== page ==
By following these 10 tips, you can communication better and build trust with those suffering with dementia and cognitive impairments. 

Never Argue, Instead Agree.

For example, instead of saying “what do you mean you want to go home? You have been living in this house for 25 years. You are home.

Say this – “I want to go home too. While we are waiting, why don’t we have some lunch?”

Never Reason, Instead Divert.

For example, instead of saying “You did not take a bath today and you need to because we are going to the doctor. We have to go in here to take our bath and we have to hurry ”

Say this – “Let’s go see, come in here. You are right but come inside here. Oh, I know, let me help you take off your shirt. I think the water is warm enough. You are in charge, just step right into the shower.”

Never Shame, Instead Distract – 

For example, instead of saying “How can you accuse John of stealing your things after all he has done for us?”

Say this – “John is here to help us find your wallet. Let’s have a cup of coffee and then get started.”

Never Lecture, Instead Reassure – 

“You have to go back to bed and get some sleep. You have been up half the night and why the heck did you empty those drawers. Who is supposed to clean this mess? I suppose tomorrow you will want to sleep all day and not go to Carol’s. I am just too tired to deal with this now, so you need to get in bed and go to sleep right now. We cannot keep going like this, no one can live this way, and we both need to get some sleep!”

Say this – “I can’t sleep either. Let’s go to the bathroom. I need something to drink (give them a drink). Try to lie down (pat the bed). No? How about some milk and cookies? Try to lie down again (sit beside them and pat bed again.) Doesn’t that feel good? (Stay with them until settled, rub their back or hands.)

Never say “Remember?” Instead Reminisce – 

“Do you remember who this is?” or “Did Mary visit you today?”

Say this – “Hi Tom. This is Sara who is visiting with me today. Sara is a friend of the family for years.” Or “Mary is such a pleasant person who visits often.

Never say “I told you” Instead Repeat and/or Reassure –

“I just told you we are not going to the bank today. It is Sunday and the bank is closed. How many times do I have to tell you we are not going to the bank?”

Say this – “Wouldn’t you know it, it is too late for Church and we have to go to the bank tomorrow. Since it is Sunday, let’s have fried chicken. Yes, we will go to the bank when it opens tomorrow.”

Never say “You can’t” Instead Do What You Can –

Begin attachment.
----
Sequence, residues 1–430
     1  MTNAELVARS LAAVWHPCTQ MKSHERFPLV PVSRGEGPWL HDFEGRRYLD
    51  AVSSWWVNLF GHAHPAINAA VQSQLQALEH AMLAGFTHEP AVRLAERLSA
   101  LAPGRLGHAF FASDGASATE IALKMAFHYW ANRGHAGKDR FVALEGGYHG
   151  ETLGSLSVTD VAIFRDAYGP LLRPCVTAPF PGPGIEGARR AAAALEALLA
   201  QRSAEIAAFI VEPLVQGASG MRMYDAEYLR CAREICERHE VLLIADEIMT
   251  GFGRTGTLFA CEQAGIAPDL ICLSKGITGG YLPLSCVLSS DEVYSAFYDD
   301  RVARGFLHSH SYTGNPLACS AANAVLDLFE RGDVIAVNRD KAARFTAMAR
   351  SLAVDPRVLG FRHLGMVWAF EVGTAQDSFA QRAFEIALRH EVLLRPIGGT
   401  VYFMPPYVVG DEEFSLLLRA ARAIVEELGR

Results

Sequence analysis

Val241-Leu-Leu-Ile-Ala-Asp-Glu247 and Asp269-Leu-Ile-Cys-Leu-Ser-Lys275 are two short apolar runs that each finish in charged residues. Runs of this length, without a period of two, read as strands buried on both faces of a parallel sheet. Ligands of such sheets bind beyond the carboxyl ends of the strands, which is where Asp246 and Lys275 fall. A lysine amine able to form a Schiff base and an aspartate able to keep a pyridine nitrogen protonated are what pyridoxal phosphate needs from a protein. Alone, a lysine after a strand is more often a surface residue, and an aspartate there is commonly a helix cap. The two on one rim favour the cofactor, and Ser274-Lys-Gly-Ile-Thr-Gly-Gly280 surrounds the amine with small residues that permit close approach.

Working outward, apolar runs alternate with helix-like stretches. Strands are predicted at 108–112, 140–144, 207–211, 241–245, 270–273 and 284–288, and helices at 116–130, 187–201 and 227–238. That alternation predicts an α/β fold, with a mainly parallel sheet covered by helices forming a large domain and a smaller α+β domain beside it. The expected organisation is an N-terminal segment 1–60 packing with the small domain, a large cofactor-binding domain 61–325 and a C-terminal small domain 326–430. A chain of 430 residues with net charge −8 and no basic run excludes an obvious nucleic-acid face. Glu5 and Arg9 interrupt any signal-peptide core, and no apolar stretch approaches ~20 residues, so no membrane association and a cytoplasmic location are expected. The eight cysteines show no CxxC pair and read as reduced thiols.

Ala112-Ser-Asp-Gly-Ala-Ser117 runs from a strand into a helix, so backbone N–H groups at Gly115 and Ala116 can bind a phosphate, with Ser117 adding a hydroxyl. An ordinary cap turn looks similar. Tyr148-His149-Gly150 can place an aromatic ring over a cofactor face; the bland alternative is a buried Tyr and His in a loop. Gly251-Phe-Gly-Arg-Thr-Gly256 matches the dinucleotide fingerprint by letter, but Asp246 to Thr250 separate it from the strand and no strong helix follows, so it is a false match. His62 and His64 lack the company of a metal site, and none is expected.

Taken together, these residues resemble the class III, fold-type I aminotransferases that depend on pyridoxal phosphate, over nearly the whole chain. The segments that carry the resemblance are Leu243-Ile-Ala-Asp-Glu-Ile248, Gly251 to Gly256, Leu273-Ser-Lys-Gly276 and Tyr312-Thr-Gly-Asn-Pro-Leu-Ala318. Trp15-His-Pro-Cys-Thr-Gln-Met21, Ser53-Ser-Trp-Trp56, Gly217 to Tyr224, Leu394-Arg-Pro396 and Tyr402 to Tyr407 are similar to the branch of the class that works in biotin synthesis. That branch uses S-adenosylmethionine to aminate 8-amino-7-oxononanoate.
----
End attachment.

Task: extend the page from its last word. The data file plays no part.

“You can’t wear two shirts” “You can’t eat with your hands.” “You can’t go outside because it is raining.” “You can’t GO home because you ARE home.”

Say this – “Try this one on, it looks nice.” “See how the spoon works? We can eat these fries with our fingers. Isn’t that fun?” “Yes, I want to go home too.”

Never Command or Demand, Instead Ask or Model – 

“You have got to change your clothes.” “Sit down right here and stop walking around.” “Why would you take this, it doesn’t belong to you.” 

Say this – “This one looks so pretty, let’s see how it looks on you.” “Sit with me for a minute (pat the chair or get up and sit back down in the chair.) “Yes this is nice, may I hold it? Since it is not ours, we have to pay for it.”

Never Condescend, Instead Encourage/Praise –

“Don’t give your caregiver a hard time like you always do. Don’t spit out your medication and be difficult like you always are.”

Say this – “I decided since you like when your caregiver gives you your medicine and you do so well with your baths and breakfast that we will wait for her to get here.”

Never Force, Instead Reinforce-

“Stop fighting, these people are here to help you!” “Give that to me right now! This is not yours!” “You cannot go into that room, you have to go into this room.”

Say this – “I asked this lady to come here to help me today.” “That is so pretty, but here is an even prettier one and this one is for you.” “This is a nice room. Let’s go in and have a cup of coffee.”

Ways to Make it Easier Caring for Anyone with AD

In conclusion, taking care of anyone can be challenging. However caring for an Alzheimer or Dementia patient can be both physically and emotionally exhausting. Consequently, the patient usually doesn’t want anyone else around but you. But at the same time, they voice that they don’t think you “do anything” or “help them.”

Understanding that this disease is unpredictable and cruel, is the first step in making it a bit easier. You may need to make a list for yourself of all the things you do for them. After all, this will reassure you of the wonderful, yet thankless job you do. Most importantly, please understand that your loved one is not intentionally giving you a hard time. In other words it is the disease that is speaking.


Remember, this is the one WORD that should be avoided whenever possible.  Simply put, they do not REMEMBER. It is so easy to say; “Mom… Don’t you remember you don’t live there anymore?” But the simple truth is THEY DON’T. Reminding them or asking them if they remember only adds to their frustration.

In other words, it would do you well as a Caregiver or even just a family member, not to use the word REMEMBER  

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